Liberty, when the Tea Party formed in 2010, the IRS under the Obama administration went after groups trying to organize in protest to his socialist agenda. Media painted them as anarchists, radicals, and even terrorists. (see ) Members were labeled racist, even if they were black. Such labels caused the people to grow increasingly angry because they were being dismissed and not being heard. As a result, this group strongly got behind a man in 2016 who stood up to the government bullies, in both parties, and promised to fight for the liberties of the people.
We tend to characterize the American Revolution as the Americans against the British: the Patriots against the Red Coats. However, the Patriots were still British subjects, at least until the . (see ) In reality, the battle they fought is more accurately described as combatting a government against the people. We are no different today. Loyalists, or Torries, that supported the crown are today's modern Progressives. They don't mind the big government or the elitist status as long as they are taken care of. (see ) Yet there is a group of people who still cherish the freedom and liberty we won in 1783. They want the government out of their lives and out of their business, but most importantly, they want someone to listen to their pleas.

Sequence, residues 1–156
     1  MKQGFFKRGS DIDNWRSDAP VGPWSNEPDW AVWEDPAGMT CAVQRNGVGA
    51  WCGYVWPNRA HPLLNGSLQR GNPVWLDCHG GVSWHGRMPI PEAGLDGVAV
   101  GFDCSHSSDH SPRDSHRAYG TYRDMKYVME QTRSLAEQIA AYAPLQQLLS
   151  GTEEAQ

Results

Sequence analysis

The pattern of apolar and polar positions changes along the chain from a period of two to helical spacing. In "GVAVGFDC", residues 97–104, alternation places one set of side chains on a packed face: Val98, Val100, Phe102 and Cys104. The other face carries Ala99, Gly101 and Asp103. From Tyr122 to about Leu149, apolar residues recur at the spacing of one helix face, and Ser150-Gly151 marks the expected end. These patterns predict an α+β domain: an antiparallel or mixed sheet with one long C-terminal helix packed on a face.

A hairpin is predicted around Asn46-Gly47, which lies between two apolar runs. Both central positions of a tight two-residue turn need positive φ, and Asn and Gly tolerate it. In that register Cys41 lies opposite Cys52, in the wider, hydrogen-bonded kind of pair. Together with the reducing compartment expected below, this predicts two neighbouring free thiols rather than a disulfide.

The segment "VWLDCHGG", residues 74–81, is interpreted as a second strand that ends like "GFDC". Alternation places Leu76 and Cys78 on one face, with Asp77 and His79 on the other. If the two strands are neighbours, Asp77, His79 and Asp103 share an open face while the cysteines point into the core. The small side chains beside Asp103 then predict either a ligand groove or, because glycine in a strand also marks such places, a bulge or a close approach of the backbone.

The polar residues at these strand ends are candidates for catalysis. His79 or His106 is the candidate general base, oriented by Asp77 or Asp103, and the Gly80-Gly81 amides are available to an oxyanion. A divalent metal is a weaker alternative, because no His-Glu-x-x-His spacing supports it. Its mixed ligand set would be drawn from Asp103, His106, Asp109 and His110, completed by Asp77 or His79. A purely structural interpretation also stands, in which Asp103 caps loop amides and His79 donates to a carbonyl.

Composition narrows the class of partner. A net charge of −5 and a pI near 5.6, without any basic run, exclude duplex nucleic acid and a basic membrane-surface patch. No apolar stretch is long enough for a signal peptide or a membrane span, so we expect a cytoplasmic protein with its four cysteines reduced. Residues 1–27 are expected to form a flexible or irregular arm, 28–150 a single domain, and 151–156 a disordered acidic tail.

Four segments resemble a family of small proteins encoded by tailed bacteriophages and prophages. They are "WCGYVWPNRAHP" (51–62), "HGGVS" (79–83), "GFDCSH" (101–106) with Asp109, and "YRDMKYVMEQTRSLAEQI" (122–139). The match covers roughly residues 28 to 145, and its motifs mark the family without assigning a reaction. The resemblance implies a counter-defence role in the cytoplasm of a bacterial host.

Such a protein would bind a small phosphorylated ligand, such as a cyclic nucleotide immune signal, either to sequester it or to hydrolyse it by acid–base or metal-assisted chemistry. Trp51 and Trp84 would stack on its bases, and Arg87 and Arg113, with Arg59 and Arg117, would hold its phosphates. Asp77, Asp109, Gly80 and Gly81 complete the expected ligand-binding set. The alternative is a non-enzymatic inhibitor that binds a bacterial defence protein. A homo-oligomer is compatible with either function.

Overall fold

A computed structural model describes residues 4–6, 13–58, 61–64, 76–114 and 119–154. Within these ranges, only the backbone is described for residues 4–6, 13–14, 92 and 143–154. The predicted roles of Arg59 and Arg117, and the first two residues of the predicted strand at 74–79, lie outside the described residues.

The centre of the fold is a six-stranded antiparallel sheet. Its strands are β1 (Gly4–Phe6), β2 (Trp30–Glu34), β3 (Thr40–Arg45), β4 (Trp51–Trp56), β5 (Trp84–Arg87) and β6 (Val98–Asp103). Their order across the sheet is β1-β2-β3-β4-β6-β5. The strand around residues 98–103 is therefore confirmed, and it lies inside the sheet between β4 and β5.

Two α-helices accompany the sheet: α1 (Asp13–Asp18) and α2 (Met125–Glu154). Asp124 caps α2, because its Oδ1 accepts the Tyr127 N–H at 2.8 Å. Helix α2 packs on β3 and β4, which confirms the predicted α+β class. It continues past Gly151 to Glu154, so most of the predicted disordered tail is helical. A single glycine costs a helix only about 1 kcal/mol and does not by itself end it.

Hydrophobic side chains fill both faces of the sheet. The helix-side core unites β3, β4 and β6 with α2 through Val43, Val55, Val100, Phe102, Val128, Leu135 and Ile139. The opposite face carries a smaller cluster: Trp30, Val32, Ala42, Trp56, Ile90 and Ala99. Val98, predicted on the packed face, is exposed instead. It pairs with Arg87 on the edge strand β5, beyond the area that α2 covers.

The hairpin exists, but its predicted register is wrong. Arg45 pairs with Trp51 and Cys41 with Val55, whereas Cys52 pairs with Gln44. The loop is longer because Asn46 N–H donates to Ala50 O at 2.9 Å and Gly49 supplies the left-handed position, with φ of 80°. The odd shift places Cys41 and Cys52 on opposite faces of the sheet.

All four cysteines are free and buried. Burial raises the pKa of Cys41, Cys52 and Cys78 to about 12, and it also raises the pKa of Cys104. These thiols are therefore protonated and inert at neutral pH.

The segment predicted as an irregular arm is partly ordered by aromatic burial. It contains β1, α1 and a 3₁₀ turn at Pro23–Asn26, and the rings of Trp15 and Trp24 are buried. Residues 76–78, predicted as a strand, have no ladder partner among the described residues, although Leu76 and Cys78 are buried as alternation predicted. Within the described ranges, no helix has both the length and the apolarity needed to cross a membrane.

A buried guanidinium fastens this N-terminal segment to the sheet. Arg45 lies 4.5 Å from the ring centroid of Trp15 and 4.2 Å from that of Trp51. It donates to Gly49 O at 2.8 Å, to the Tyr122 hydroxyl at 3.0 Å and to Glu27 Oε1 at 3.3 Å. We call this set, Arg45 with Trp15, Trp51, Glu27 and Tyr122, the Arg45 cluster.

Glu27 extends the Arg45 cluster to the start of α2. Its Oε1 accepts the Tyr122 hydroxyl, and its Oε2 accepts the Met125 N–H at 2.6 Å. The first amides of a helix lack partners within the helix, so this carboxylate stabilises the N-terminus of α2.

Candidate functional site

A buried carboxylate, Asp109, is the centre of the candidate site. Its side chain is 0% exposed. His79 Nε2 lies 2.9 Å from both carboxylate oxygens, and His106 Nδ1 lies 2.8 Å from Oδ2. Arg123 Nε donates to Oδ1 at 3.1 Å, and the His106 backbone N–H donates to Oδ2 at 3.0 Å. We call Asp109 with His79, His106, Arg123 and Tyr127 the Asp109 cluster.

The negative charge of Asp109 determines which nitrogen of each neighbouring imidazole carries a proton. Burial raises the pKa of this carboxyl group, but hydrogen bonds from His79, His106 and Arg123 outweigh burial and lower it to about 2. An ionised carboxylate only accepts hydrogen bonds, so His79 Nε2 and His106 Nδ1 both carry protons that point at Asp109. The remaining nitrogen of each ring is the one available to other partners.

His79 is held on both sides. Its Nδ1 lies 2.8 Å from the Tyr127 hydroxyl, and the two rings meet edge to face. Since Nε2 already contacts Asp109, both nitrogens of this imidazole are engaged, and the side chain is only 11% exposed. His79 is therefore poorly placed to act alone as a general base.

With the blessing of the last administration, Black Lives Matter and Antifa started bullying and terrorizing average citizens. (see ) Democrat leaders escalated the attacks, justifying their actions because they were against the horrors of Republican President Donald Trump and his supporters. In reality, they hate him because he is fighting for the Patriots and against the establishment. They despise his voters for standing up against their elitist crown. (see This all mirrors the British officials using Red Coats to intimidate the colonists. So almost 250 years later, progressives resent middle America, considering them traitors for protesting the government. Meanwhile, “We The People” view liberalism/progressivism/democratic socialism as an increasingly tyrannical presence.
Liberty, I worry so much for the future as I’m not sure how this Revolution will end. We’ve already had too much blood running in the streets and it only seems to be getting worse. I pray for God’s Divine Providence to protect America, as I can’t image leaving you a socialist nightmare and a return to a government not of the people, but over the people. (see and )
That’s my 2 cents.